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Textual Criticism - Lesson 19

Erasmus and the Textus Receptus

The KJV has been rightfully called “the single greatest monument to the English language,” but this is more from a literary rather than a translation standpoint. This is because the Greek MSS behind the KJV text is far inferior to that of modern translations in terms of textual basis, late MSS dates, and a less than perfect process of creation.

Daniel Wallace
Textual Criticism
Lesson 19
Watching Now
Erasmus and the Textus Receptus

Erasmus the the textua receptus

I. INTRODUCTION

A. “The single greatest monument to the English language”

B. Why such accolades?

C. Two fundamental problems with the KJV

1. Translation is dated

2. Textual basis is inferior

II. ERASMUS (1466-1536) AND THE TEXTUS RECEPTUS

A. Humanist, Catholic scholar, best Greek scholar

B. Historical background

1. Turks invaded Byzantium (1453)

2. Movable type (1454)

3. First printed NT (1516)

4. Complutensian Polyglot (1514, 1522)

C. Erasmus’s Greek New Testament

1. Five editions of the Greek NT

2. First edition: Novum Instrumentum, March 1, 1516

a) All were Greek-Latin diglots

b) Based on 7 mss, none earlier that 11th century

3. Revelation

a) Only had one Greek manuscript

b) Missing the last leaf (Revelation 22:16-21) and back-translated Latin into Greek

D. Comma Johanneum (1 John 5:7b-8a)

1. Text

a) KJV. “For there are three that bear record in heaven, the Father, the Word, and the Holy Ghost: And these three are one. And there are three that bear witness in earth, the spirit, and the water, and the blood: and these three agree in one.”

b) Modern translations: “For there are three that testify, the Spirit and the water and the blood, and these three are in agreement.”

2. History

a) First edition (1516): Trinitarian formula was not in the Erasmus’s text since he could find no Greek text with the formula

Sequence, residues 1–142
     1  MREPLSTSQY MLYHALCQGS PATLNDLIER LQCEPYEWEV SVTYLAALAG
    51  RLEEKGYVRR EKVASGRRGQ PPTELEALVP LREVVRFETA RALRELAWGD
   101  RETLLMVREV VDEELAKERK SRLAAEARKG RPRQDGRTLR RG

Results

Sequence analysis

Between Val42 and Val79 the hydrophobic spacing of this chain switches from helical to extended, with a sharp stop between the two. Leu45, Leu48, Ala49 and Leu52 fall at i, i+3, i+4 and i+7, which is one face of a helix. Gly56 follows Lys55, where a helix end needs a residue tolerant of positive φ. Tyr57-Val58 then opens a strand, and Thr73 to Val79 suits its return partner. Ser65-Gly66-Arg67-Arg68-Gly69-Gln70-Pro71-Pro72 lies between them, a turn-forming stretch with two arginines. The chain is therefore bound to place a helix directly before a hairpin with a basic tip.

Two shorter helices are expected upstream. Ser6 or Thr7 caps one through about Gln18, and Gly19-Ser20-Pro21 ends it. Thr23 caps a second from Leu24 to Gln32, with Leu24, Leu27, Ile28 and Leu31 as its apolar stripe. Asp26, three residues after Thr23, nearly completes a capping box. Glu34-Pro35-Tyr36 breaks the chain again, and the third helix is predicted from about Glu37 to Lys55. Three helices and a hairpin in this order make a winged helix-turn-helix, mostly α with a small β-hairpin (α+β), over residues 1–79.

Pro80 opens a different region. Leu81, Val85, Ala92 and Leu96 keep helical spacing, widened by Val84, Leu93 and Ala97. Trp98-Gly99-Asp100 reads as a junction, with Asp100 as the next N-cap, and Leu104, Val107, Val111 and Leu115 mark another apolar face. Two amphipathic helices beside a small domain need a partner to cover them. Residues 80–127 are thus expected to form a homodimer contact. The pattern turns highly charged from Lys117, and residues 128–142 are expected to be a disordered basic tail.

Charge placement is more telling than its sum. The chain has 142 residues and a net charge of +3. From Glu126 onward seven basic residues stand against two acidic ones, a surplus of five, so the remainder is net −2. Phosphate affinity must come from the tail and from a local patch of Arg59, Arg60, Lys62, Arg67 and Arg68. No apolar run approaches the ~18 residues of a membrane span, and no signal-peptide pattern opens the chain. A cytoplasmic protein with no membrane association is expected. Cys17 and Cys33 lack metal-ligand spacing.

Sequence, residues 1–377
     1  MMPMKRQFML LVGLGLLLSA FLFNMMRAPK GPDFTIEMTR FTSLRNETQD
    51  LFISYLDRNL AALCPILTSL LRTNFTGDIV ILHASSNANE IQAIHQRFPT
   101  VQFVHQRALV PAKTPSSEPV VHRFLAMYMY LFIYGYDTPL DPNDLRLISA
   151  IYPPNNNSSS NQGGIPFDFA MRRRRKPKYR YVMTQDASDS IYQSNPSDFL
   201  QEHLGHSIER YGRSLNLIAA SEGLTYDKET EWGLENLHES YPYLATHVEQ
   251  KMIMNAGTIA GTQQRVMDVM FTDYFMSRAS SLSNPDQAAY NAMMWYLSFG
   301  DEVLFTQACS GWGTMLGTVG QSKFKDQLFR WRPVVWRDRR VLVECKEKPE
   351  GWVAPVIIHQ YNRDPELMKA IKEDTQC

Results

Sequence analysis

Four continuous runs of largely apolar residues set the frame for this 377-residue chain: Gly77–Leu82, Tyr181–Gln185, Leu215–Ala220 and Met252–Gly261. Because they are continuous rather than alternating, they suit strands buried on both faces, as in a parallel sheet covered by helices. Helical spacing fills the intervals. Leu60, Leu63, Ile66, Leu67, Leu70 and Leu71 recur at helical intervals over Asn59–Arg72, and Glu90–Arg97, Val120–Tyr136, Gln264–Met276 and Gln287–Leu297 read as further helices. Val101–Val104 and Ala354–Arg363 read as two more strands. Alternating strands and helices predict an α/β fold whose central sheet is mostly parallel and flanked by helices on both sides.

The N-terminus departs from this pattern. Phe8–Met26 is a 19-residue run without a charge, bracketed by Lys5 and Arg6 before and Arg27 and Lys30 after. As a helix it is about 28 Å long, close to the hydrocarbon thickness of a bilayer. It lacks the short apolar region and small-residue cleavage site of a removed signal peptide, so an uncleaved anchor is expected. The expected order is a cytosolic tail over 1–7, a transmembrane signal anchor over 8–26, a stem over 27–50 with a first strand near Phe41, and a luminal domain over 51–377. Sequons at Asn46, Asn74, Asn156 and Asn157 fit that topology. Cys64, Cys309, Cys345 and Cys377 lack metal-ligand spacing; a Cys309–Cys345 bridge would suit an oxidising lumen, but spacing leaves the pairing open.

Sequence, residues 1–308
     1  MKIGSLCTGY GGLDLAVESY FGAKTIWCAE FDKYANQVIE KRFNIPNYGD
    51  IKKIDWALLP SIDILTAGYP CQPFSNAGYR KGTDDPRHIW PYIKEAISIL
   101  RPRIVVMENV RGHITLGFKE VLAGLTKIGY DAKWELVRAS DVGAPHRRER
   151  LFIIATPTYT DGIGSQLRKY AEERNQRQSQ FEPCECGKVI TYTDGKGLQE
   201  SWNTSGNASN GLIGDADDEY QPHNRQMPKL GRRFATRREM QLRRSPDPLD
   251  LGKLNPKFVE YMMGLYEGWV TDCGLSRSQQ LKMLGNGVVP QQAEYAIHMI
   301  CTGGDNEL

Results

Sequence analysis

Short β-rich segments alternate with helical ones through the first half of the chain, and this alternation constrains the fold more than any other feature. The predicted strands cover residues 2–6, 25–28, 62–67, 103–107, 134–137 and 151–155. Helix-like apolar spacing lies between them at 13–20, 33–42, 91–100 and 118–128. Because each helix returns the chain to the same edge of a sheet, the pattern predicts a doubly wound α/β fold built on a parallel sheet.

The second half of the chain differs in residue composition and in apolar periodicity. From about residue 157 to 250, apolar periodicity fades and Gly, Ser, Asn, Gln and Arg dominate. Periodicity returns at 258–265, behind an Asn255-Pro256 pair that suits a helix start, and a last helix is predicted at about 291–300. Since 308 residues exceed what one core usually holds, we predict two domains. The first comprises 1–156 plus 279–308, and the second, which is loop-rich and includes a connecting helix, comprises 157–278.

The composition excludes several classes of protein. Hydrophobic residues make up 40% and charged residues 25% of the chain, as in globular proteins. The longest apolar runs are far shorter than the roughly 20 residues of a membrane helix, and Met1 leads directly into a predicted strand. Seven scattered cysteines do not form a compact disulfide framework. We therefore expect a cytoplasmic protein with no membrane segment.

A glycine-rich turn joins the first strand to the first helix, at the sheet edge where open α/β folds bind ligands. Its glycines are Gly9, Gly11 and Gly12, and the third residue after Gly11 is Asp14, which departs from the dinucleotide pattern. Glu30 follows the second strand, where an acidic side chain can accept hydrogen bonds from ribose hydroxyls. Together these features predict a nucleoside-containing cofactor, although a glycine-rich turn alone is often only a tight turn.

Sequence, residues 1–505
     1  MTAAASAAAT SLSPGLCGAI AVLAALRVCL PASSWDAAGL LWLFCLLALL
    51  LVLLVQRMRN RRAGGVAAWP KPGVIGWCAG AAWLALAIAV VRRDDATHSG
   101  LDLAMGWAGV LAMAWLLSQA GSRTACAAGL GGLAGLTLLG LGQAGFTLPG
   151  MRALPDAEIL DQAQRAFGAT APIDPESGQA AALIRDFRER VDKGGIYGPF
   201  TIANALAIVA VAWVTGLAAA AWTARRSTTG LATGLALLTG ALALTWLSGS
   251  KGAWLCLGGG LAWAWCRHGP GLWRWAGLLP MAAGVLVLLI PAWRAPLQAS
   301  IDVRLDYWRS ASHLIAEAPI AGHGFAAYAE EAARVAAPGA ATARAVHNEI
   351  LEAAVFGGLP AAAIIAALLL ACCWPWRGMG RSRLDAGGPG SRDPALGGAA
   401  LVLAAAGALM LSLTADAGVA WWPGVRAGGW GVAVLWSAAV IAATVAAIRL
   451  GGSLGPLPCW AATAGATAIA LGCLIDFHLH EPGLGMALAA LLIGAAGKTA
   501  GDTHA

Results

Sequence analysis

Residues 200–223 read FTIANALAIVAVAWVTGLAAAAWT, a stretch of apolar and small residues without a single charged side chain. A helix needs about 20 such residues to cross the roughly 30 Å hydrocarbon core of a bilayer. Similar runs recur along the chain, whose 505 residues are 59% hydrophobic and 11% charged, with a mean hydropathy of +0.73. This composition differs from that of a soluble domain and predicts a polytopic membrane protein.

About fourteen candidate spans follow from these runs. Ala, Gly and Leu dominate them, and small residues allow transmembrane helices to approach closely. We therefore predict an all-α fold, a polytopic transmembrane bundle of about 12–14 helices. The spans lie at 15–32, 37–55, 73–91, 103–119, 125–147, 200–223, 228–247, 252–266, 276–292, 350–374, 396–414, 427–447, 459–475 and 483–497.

b) Second edition (1519) was the basis of Luther’s translation

c) Scribe working at Oxford seems to have “made to order” a complete NT manuscript including the Comma Johanneum

d) Third edition (1522): Erasmus included the Trinitarian formula under protest (corrected) because of ecclesiastical pressure and used by KJ translators

3. Trinitarian formula in other manuscripts

a) 9 late Greek manuscripts (4 in the text; 5 in the margins)

b) Oldest Greek ms with the Trinitarian formula is 10th century (in a later marginal note)

c) Oldest Greek ms with Trinitarian formula in the text is 14th century

4. Summary

a) Not found in any ancient versions except the Latin

b) Not mentioned in the early church councils that affirmed the Trinity

c) Early councils affirmed Trinity without 1 John 5:7

d) Earliest certain evidence: Late 4th century, in the writings of “Priscillian, the heretic”

e) Ehrman uses this passage to argue orthodox scribes changed the text and invented the Trinity

5. How did it get into the Latin Bible

a) Allegorical interpretation

b) Marginal reading in a Latin document, which ultimately made its way into Greek manuscripts

III. CONCLUSION

A. Editions

1. Erasmus (5 editions)

2. Stephanus (4 editions)

a) 1550 edition was the first to include textual variants

b) 1551 edition introduced verse references

3. Beza (11 editions); 1589 edition stood behind the KJV

B. Crtitique

1. Inferior textual basis

2. Essential doctrinal issues are not impacted

3. KJV added to the Word of God

Textus Receptus and the Doctrine of Preservation (Part 1)

Textus Receptus and the Doctrine of Preservation (Part 2)


Lessons
About
Class Resources
Transcript
  • Since the original autographs of the Bible no longer exist, the primary goal of Biblical Textual Criticism is to determine the exact wording of the original inspired text dispatched from the author with as much accuracy as possible. As a secondary goal, we desire to trace changes to the text and get a window into ancient Christianity.